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Fiduciary Duty to Cheat? Stock Market Super-Star Jim Chanos Reveals the Perverse New Mindset of Financial Fraudsters

American business has always had cheaters and crooks, but today they are escaping prosecution and are incentivized to cheat more.

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LP: You’re known for your early detection of Enron’s problems. How does a company like Enron stay in business for years? How is the fraud sustained over time?

JC: It’s one of the great questions, Lynn, and I think that in the case of Enron, there were a lot of people getting rich aiding and abetting what turned out to be to be a fraud. They may not have known it was go-to-jail fraud, as it turned out to be (and most fraud certainly does not end up in jail sentences for the perpetrators, as we know).

But if you look, for example, at the investment banks that were in on structuring the offshore vehicles that Andy Fastow used to offload bad investments from Enron the parent to these vehicles without telling Enron shareholders that he’d also given them a secret agreement that they would made good any losses by issuing Enron stock (that, by the way, was the crux of the fraud of the firm), when you see just how much in fees a lot of the banks and brokers made in these things, there’s an awfully strong incentive to look the other way and not ask the tough questions. That’s really one of the big flaws, I think, in our current market structure.

LP: What do we know about the timing of frauds? When are they most likely to happen?

JC: One of our models is the Kindleberger-Minsky model, named after Hyman Minsky and Charles Kindleberger. It’s a macro model, and basically it takes a look at various market cycles. What we find is that the greatest clustering of fraud in the financial markets occurs, as you might imagine, during and immediately after the biggest bull markets. As I like to tell my students, it’s basically a period in which people suspend their disbelief. Everybody’s getting rich and it becomes increasingly easy to sell more questionable schemes and investments to investors. Typically the major frauds are uncovered or unmasked after the markets decline, for example, Bernie Madoff or Enron, when investors need money from other losses (and often these things have a Ponzi-like nature and can’t finance themselves from a self-sustaining basis) or people simply begin to build back their sense of disbelief and begin to ask tough questions that they didn’t ask during the bull market. So we do see that the fraud cycle generally does track the broader financial market cycles we see with a little bit of a lag.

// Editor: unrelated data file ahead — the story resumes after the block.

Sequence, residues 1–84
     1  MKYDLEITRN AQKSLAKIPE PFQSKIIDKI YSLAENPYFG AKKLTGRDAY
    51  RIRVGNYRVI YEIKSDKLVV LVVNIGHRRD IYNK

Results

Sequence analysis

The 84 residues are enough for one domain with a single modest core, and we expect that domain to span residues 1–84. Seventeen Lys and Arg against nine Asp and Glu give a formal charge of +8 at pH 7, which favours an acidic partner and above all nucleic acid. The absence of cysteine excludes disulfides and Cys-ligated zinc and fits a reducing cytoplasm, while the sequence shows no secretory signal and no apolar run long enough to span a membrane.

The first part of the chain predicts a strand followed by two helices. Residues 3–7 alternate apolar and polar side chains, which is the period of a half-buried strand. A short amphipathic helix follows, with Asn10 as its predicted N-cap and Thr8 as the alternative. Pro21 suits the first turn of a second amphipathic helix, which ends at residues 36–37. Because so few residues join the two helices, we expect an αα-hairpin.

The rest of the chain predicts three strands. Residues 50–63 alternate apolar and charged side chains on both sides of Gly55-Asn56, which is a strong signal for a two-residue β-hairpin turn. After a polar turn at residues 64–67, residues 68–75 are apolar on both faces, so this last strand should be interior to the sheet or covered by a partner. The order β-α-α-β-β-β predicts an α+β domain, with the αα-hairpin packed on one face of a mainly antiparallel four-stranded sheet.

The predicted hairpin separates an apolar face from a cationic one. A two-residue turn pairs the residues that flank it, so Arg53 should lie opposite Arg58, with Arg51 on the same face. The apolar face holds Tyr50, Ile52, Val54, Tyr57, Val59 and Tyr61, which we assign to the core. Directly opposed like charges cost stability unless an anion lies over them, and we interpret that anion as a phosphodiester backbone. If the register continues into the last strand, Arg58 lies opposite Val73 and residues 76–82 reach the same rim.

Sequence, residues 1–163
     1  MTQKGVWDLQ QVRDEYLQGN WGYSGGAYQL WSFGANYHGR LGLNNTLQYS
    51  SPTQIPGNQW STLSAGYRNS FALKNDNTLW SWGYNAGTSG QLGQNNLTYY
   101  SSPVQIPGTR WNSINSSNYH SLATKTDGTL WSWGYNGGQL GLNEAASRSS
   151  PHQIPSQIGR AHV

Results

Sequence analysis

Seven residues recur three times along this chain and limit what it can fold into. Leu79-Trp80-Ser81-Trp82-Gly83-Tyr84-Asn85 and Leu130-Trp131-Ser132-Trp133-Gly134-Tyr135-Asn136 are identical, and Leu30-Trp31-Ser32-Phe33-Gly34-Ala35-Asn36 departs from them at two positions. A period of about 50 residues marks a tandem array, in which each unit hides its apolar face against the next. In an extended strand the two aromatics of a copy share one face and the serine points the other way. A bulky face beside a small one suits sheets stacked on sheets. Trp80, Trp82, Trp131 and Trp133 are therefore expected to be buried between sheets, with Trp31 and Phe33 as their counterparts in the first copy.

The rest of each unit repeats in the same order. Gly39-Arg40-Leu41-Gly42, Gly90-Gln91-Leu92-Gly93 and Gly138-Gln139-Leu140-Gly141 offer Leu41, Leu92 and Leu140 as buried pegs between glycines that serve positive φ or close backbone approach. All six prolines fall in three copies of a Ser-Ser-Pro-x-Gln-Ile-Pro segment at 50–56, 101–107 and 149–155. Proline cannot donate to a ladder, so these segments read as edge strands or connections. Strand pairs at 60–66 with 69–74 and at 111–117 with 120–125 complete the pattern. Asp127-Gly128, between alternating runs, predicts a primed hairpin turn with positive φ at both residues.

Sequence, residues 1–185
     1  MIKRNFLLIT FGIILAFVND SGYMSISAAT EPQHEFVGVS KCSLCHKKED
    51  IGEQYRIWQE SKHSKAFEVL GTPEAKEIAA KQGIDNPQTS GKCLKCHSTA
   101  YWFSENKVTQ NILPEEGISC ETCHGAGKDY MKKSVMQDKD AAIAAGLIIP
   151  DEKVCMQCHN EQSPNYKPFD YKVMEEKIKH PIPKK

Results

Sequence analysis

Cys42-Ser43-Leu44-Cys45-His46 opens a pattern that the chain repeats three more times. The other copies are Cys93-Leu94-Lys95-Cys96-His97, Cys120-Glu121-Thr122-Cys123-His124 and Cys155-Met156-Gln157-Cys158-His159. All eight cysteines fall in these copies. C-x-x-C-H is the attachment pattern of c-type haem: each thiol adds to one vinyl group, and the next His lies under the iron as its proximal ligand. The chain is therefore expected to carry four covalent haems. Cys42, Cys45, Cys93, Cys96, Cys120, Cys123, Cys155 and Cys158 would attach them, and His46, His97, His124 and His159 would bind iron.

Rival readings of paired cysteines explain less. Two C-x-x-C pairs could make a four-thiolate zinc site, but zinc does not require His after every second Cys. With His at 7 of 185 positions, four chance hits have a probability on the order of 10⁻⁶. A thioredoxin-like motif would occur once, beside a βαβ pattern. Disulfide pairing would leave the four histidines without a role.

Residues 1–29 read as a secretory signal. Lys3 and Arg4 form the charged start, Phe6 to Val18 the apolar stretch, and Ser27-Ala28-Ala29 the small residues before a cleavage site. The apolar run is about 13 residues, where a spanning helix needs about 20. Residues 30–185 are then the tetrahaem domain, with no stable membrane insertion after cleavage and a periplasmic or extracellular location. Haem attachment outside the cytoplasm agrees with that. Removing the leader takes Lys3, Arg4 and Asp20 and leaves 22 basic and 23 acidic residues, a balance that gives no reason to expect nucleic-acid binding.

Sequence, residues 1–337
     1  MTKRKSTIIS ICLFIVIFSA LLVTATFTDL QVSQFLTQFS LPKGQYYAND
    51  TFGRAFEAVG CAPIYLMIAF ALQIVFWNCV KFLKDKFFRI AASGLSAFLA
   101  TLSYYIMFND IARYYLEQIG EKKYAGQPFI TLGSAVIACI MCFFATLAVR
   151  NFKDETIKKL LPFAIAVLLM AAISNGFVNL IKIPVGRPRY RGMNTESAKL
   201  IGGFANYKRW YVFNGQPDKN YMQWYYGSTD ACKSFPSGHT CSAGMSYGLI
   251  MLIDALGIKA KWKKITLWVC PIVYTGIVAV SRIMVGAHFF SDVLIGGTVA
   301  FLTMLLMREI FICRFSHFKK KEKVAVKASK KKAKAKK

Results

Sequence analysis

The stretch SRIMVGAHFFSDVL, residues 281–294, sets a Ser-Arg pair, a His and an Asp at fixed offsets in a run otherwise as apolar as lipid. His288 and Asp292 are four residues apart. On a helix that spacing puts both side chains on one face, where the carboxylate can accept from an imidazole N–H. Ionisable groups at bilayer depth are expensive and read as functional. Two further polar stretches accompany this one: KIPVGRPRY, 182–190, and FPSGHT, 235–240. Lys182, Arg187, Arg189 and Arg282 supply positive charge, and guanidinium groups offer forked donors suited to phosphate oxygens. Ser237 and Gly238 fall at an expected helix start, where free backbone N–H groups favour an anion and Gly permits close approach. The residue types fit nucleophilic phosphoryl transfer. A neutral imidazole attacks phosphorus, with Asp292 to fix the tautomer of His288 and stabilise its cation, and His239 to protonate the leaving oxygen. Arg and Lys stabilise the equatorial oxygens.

LP: One look at your Yale syllabus shows that fraud has been rife through business history. Yet for the last 20 years, many people have insisted with near-religious conviction that markets are efficient and therefore resistant to fraud. Where is this belief coming from, and why is it a problem?

JC: It rests upon an assumption that is deeply flawed, and that is that the people who are stewarding your capital in the marketplace -- the boards of directors and the people that the boards hire – management -- are acting not only in your best interest, but are playing by the rules all the time, so that, for example, the accounts that the company puts together for the accountants (and keep in mind, management prepares financial statement, not accountants, not the auditors) are accurate. The auditors simply review them, and that’s an important point I always stress to my class. If there are games being played, and if you read the boilerplate of any auditor’s opinion, it says “we rely on the statements of management” – and so if, again, the people in the corporate suite have ethical flaws, we have a system based on truth-telling that may not be exactly always accurate.